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Arrogant Parking

Whilst enjoying a meal at my local restaurant I was struck by the arrogant selfish attitude of some drivers. Across the road is a small Sainsbury's local with parking for disabled and mother's with children. Over a period of a couple of hours I saw numerous cars parking there non were disabled or had children. There were plenty of spaces available further away but no they couldn't be bothered and / or had no respect for others less fortunate. Without exception the cars that parked there were Audi BMW Range Rover with a large percentage of drivers wearing baseball caps say no more. Are baseball caps now a standard feature on those cars ?
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It happens all the time at our Sainsburys. Drivers wanting to use the ATMs which are directly at the end of the row of Parent and Child spaces just nip into the closest or even park on the no parking across the store entrance. It seems that a certain type of driver is unable to go more than a few metres from their car without feeling lost or inadequate. Is there some sort of invisible umbilical connection which feeds them the energy needed to access their wealth?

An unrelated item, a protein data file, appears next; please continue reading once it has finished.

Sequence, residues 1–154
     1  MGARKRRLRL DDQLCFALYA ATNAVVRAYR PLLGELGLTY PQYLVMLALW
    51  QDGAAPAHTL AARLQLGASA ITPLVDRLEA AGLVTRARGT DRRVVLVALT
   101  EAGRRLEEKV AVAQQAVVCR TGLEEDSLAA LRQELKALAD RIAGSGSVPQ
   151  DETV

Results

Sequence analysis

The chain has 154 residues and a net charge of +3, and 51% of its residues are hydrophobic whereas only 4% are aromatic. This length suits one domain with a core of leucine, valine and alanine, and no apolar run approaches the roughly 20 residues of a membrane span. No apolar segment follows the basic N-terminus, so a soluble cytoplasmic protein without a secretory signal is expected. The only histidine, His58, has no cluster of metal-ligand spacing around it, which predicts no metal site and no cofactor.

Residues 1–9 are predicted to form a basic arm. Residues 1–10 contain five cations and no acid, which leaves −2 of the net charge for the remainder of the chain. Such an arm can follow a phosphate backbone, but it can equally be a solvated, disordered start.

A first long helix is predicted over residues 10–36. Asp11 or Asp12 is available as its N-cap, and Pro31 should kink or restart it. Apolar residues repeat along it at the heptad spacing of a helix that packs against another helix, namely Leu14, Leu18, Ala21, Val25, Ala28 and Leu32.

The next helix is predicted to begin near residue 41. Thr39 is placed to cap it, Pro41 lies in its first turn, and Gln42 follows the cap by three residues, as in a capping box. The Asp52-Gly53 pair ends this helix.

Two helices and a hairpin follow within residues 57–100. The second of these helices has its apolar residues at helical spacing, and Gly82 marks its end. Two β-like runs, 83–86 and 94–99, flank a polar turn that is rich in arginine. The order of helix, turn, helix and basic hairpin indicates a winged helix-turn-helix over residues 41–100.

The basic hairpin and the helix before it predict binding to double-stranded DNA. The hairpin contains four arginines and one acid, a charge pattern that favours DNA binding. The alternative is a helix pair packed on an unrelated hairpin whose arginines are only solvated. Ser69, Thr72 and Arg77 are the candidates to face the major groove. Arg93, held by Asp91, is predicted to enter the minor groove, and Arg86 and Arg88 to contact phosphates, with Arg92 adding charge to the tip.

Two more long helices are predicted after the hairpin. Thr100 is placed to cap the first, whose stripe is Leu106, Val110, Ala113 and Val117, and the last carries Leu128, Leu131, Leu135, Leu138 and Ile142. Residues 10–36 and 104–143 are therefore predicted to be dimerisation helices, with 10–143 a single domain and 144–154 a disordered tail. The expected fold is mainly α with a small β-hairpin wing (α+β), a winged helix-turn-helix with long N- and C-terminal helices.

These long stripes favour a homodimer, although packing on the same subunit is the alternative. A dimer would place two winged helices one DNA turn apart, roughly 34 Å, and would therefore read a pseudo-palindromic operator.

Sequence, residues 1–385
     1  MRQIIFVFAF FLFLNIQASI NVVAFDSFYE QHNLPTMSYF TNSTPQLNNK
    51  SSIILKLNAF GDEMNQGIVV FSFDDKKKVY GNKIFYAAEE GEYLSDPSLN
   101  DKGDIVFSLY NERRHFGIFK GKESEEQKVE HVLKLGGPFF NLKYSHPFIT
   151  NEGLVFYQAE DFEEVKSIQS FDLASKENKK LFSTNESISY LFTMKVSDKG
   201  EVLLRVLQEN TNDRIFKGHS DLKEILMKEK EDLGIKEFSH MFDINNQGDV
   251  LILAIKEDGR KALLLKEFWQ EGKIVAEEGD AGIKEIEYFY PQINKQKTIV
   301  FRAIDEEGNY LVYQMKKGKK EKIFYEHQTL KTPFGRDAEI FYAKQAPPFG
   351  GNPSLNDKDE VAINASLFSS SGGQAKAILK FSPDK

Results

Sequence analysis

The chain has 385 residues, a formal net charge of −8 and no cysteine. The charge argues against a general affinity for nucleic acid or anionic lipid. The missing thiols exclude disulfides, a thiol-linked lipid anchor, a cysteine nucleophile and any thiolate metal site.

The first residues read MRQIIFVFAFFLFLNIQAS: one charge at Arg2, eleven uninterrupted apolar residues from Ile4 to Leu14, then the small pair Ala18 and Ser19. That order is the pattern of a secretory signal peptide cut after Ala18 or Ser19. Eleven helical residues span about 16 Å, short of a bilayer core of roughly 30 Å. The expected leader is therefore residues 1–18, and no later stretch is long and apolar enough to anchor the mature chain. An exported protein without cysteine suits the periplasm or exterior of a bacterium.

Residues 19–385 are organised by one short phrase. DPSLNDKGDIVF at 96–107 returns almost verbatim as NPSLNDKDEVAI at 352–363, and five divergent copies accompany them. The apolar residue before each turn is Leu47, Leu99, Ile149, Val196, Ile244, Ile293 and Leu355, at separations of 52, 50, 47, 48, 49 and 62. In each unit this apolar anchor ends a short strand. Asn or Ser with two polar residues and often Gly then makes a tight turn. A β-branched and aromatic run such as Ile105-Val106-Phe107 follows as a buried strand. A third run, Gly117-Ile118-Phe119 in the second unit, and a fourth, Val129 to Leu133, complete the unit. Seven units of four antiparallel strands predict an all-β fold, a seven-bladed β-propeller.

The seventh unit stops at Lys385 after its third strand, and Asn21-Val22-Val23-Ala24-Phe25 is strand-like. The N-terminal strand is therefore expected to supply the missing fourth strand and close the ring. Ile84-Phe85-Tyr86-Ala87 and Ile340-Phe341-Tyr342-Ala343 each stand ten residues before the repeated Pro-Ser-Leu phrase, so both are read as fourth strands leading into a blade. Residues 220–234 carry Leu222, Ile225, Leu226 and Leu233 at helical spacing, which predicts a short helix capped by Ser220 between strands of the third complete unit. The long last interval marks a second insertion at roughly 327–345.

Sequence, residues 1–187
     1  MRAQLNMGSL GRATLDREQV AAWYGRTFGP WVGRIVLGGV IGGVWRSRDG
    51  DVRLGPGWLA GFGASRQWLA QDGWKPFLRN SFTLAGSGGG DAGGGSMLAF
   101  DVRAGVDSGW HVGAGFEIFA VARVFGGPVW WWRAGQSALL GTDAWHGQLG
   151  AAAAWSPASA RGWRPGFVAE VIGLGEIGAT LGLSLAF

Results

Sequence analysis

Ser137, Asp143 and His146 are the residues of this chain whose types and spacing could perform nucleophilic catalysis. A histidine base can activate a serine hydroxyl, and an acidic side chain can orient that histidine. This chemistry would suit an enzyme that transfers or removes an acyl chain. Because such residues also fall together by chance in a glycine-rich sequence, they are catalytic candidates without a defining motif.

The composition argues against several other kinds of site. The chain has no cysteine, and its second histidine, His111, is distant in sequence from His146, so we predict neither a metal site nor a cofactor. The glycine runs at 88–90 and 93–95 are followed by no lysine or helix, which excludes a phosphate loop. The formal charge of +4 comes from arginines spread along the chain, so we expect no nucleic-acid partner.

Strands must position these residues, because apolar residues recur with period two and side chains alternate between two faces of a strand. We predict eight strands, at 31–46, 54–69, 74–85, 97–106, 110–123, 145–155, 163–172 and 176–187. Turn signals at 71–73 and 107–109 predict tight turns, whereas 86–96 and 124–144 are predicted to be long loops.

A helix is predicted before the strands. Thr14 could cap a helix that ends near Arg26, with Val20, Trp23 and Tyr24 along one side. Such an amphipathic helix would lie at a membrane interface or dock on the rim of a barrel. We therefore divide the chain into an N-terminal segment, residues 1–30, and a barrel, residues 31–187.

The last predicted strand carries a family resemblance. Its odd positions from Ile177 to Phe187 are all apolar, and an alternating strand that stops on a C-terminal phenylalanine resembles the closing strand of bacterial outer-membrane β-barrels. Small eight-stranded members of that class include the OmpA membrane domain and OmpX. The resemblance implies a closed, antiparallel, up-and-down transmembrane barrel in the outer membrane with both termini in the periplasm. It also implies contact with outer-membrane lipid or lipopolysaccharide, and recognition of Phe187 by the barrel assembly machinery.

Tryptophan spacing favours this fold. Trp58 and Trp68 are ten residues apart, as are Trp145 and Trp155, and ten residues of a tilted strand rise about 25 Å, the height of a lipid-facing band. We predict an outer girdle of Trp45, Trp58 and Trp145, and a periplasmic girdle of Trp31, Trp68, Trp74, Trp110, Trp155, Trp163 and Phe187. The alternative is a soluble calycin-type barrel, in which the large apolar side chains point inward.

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This is a different situation, but arrogant parking is a pretty apt description.